Thursday, June 13, 2013

Why the Church in Philippi was Definitely Not the First European Church

It is time to get something off my mind. It is something I keep coming across that gets under my skin. It is the claim that is found often in New Testament literature, even among some Philippians’ specialists that the church in Philippi was the first European church (e.g. Hendriksen, 15; Hawthorne and Martin, xxxix; Vincent, xix, cf. Bockmuehl, 1). It is time to put this idea to bed for good. It is plainly wrong! The church in Philippi was definitely the first church Paul planted in Europe. But there were Christians and churches in Europe before Paul got there. How do we know?

We know because there is clearly a church in Rome from early on. There were Romans at Pentecost who came to the Lord and were baptised (Acts 2:10). There were enough Christians in Rome in a.d. 49 for the Emperor Claudius to expel the Jews from Rome (Suetonius, Claud. 25.4). The expulsion was based around contention among Jews concerned a certain Chrestus, who is almost certainly Christ. If so, there were enough Jewish Christians in Rome to cause conflict among Jews which caught the attention of the Emperor. This indicates a significant number of Christians among the 50,000 or so Jews in Rome. Interestingly , two of these were Priscilla and Aquila who had come from Rome to Corinth because of the expulsion and with whom Paul worked (Acts 18:2). The expulsion happened several years before Paul ever entered Europe. It shows that there were a significant number of Christians in Rome before Paul even got to Europe. We have no idea whether the church had spread from Rome into other areas in Italy and perhaps other regions, but it may well have done.  


Anyway, the upshot is that we have to put to bed finally and thoroughly that the gospel reached Europe with Paul in a.d. 50-51 when he preached among the Macedonians. What we can say is that the church in Philippi was the first Pauline church in Europe. It was the first almost exclusively Gentile church (Bockmuehl, 1). But it was not the first church in Europe.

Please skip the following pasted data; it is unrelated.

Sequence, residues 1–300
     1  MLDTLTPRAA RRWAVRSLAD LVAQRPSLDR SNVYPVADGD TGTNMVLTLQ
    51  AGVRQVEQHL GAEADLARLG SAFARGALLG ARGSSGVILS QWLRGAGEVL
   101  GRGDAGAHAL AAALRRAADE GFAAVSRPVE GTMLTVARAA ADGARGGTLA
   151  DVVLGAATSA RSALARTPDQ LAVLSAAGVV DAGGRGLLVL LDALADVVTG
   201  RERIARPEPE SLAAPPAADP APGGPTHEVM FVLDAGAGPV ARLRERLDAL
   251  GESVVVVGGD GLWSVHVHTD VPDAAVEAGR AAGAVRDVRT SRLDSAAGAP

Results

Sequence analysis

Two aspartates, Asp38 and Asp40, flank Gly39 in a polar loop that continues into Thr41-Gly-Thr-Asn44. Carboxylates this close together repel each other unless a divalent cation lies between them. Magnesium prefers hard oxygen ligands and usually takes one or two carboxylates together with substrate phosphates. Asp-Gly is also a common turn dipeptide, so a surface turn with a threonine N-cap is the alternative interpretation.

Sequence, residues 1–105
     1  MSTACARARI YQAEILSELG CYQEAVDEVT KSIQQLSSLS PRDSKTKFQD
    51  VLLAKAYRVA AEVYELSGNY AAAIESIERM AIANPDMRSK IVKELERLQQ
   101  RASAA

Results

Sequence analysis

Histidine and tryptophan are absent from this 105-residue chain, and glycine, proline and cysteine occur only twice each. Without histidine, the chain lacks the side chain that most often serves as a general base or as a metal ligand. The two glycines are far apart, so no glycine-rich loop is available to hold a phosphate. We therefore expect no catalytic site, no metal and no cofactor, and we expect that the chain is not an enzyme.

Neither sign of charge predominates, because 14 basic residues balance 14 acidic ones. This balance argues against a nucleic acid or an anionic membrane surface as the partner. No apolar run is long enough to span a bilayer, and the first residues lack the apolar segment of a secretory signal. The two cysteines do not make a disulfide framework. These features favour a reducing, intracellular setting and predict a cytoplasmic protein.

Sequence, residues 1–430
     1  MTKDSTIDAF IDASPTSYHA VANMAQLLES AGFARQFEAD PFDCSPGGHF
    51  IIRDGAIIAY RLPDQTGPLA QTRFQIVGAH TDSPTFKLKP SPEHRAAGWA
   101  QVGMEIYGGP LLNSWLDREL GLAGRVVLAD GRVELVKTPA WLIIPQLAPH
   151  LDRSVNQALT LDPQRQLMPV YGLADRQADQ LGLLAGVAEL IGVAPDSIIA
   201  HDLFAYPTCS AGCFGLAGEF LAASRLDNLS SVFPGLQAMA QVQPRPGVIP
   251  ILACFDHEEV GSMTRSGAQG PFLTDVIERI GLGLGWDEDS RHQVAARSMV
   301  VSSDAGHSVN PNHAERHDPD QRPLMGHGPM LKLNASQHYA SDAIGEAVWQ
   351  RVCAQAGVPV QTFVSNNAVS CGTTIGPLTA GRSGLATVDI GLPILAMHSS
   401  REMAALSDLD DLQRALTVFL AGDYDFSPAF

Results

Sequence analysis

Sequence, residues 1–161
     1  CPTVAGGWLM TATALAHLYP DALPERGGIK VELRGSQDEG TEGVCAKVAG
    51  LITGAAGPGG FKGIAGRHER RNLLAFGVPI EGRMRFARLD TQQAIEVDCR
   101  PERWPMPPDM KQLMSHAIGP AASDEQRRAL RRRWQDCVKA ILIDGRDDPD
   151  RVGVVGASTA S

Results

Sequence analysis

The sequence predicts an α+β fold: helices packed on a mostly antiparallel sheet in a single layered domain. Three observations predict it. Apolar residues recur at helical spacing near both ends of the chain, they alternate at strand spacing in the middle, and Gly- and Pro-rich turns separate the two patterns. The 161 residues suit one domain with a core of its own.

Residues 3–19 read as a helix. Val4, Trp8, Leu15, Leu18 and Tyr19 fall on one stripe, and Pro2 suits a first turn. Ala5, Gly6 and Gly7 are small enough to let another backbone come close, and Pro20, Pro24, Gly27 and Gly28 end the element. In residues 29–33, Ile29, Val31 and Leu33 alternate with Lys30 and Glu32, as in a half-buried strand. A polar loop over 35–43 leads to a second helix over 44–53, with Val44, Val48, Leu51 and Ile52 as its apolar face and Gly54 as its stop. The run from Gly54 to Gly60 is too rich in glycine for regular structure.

5 comments:

Chris Northcott said...

Nice work Mark

Tim said...

Nice one Doc. Hadn't really thought about it but it seems o obvious. I love learning about early Christian history, especially when it involves travels of key people.

I find it fascinating what we can glean about writers such as Paul, Luke, John etc from internal and external sources.

max palmer said...

Mark these comments are from a kiwi scholar friend from Sydney.
Do you have the link to the apparent source of your Philippi comments from Bockmuehl, 1?
Love to hear from you

Yes what he is saying is basically true. Paul’s letter to the church in Roman is his letter of introduction because he wants to come and make his base there to reach out into Western Europe. The only point I would bring out is that the church in Rome was not just Jewish because when the Jews were expelled the Gentiles stayed and the church in Roman then was made up of the non Jewish people who had become believers. Paul’s letter is trying to address the issues the church was having with the reentry of the Jews into a church which now had firmly establish non Jewish leadership. His comment that Philippi was predominantly a non Jewish church is an assumption that he does not backup with any facts

Regards

David

Mark Keown said...

Hi. Thanks all. Bockmuehl, 1, is from his commentary on Philippians.I agree with your assessment of the Roman church which definitely included Gentiles. There is good reason to question whether there were Jews in the Philippian church.

1) There is no synagogue, unless you think "place of prayer" means a synagogue. This is unlikely as Luke uses "synagogue" regularly and unashamedly. Why suddenly not use it?

2) There are no men mentioned, only a group of women. Perhaps one or two of them were Jewish, there is no indication. Lydia is not. She is a Jewish sympathiser. We know there are less than ten males if there is no synagogue.

3) When Paul is charged, he is charged on two counts. First, for being Jewish. Secondly, for advocating non-Roman customs. This adds up to an abhorrence of Jews in Philippi. I ponder whether this means that the Philippians took the edict seriously, and too threw out the Jews. They were so self-consciously Roman. The gathering of the women for prayer is also outside the city gates, which may indicate that they were repudiated.

4) There is no evidence of a Jewish member of the church in Acts of Philippians. Philippians has almost no reference to the OT directly, although there are echoes and allusions.

So, all in all, I would turn your comment around Max and ask, what evidence is there that there were Jews in the Philippian Church. I wonder if it is the only one of Paul's churches that is truly fully Gentile. This may be Bockmuehl's thrust.

All this of course is unprovable, and I hold it very lightly.

Cheers
Mark

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